Volkswagen is pushing ahead with its I.D. project.
Volkswagen is pushing ahead with its I.D. project.

VW Plans 5G Connected Car

VW Plans 5G Connected Car

Volkswagen plans to equip its family of I.D. electric cars with next-generation 5G mobile connectivity and cellular vehicle-to-everything communication standards as the brand prepares to offer full autonomous driving functionality in 2025.
The first of its purpose-built EVs, a compact-sized hatchback based on the I.D. concept unveiled at the Paris auto show in October, will launch in 2020, with an SUV following closely after and in 2022 a microbus MPV, according to Automotive News Europe.
Since VW first began embedding connectivity features four years ago, about 2.1 million Volkswagen vehicles already offer online services designed to improve safety and comfort. 
This is expected to grow with the advent of ultrafast download speeds. As cars begin to take over more and more driving tasks from humans, they will need to continuously process data provided from the surrounding environment.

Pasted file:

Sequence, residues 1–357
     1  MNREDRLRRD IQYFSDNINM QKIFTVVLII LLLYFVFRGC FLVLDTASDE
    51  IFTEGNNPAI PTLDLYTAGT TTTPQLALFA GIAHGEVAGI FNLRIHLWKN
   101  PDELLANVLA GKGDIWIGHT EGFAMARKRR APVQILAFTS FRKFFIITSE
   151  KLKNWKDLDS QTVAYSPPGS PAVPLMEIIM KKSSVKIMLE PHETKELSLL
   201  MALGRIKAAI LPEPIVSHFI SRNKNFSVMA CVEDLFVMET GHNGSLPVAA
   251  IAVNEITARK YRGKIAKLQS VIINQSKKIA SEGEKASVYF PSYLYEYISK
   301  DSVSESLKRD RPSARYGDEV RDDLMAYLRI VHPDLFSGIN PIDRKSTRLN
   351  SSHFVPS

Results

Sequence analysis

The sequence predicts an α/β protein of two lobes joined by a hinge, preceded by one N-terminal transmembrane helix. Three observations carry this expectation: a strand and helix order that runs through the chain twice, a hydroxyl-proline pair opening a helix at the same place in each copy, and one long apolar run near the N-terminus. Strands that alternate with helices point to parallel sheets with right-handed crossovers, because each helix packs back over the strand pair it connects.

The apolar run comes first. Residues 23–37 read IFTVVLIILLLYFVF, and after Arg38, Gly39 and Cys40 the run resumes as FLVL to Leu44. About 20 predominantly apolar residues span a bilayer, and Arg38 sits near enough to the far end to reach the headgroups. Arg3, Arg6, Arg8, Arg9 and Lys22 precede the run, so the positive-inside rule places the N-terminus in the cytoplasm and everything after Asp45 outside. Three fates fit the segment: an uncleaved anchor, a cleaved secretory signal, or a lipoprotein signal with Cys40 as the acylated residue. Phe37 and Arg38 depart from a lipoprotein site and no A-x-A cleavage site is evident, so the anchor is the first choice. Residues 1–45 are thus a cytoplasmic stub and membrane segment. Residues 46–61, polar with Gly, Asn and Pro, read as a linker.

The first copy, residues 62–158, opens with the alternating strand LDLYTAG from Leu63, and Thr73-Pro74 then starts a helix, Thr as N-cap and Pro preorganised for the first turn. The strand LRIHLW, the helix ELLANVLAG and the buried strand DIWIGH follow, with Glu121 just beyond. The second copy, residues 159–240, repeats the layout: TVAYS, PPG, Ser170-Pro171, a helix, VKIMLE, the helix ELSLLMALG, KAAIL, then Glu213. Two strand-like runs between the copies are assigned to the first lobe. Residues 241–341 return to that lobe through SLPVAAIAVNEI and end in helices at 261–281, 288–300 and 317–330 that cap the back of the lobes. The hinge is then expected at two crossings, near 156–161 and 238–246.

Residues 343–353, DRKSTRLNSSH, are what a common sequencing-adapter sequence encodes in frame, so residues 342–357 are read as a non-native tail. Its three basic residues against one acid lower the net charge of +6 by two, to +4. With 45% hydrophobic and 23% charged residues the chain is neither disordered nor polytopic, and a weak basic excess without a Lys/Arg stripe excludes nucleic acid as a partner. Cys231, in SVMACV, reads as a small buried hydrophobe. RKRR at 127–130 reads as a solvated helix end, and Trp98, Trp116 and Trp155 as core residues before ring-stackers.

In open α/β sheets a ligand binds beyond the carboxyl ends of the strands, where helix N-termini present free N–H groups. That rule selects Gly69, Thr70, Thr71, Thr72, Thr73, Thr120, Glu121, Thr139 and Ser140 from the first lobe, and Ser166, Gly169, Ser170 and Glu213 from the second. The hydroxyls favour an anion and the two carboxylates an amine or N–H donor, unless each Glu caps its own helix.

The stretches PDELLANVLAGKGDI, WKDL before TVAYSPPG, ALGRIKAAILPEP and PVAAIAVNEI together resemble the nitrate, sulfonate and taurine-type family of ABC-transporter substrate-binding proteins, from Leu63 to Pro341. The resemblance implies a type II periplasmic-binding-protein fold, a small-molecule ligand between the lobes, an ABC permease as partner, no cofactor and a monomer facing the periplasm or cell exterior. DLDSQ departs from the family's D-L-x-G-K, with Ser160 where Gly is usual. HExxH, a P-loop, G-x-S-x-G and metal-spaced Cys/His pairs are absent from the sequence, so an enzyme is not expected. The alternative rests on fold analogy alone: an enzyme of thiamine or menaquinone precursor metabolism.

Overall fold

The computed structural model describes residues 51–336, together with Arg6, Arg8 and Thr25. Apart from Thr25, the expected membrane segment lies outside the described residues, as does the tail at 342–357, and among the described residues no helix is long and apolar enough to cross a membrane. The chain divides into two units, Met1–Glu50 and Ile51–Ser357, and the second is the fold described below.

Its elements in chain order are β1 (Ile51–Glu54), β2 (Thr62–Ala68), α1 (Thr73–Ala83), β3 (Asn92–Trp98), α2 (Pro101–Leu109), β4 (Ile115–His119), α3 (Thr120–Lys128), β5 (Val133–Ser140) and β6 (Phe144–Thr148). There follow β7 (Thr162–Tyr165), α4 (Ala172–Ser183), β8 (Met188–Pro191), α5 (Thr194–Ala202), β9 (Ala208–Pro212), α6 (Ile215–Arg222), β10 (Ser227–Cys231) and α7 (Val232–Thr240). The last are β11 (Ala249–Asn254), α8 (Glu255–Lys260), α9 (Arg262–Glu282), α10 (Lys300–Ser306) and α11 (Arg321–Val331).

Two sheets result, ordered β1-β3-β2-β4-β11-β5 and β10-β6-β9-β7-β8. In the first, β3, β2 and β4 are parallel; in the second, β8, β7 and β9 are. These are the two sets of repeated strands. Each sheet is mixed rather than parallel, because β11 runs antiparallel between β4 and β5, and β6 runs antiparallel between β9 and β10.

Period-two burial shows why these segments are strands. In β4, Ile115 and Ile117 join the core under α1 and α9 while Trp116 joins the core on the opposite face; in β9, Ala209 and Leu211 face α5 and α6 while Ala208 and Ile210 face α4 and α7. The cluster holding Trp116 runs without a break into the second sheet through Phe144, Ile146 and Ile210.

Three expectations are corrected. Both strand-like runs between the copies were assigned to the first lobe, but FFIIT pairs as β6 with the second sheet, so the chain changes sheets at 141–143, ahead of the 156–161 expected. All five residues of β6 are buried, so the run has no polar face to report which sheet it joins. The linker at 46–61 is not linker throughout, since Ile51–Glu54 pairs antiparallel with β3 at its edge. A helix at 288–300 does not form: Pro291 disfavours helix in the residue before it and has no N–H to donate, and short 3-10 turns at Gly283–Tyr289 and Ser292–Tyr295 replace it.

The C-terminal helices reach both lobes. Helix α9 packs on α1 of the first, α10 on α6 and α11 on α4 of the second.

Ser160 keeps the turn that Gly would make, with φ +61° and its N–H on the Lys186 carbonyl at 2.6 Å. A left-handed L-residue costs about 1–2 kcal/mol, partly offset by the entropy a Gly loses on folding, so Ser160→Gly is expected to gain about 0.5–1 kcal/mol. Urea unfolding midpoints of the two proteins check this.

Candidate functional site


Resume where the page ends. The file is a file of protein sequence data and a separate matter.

The 5G Revolution
VW’s partner in the project is well-known chipmaker Qualcomm, which debuted a new flagship processing chip called the Snapdragon 835 that will be rolled out in the first half of 2017. 
The US technology supplier already plans to launch trial deployments of 5G mobile communication standards starting this year together with companies like AT&T and Ericsson.
For the moment ultrafast data transfer speeds needed for the Internet of Things (IoT) are hindered by a lack of available bandwidth, in other words the spectrum measured in hundreds or thousands of megahertz at which carrier waves convey information.
Since most mobile telecommunications piggyback on the same narrow set of frequencies allocated by governments, this will only become a bigger issue in the future when the IoT connects billions of intelligent devices found in cars, homes and offices.
Collecting data and detecting hazards beyond the line of sight pose an additional challenge. By picking cellular V2X as its standard, Volkswagen decided against the competing DSRC, a short-range wireless technology that requires the deployment of its own dedicated infrastructure along roadways as opposed to utilizing existing cellular networks. 
Chipmaker Qualcomm also paired with Volkswagen’s sister brand Audi to pilot cellular V2X in Germany starting this year.

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